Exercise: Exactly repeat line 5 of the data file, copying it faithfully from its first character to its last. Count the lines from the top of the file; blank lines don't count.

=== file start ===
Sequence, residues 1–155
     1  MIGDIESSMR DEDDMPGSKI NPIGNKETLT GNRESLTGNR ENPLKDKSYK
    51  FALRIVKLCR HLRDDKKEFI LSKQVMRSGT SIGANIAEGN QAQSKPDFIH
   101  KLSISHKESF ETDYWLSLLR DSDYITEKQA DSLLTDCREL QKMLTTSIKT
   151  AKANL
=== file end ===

   151  AKANL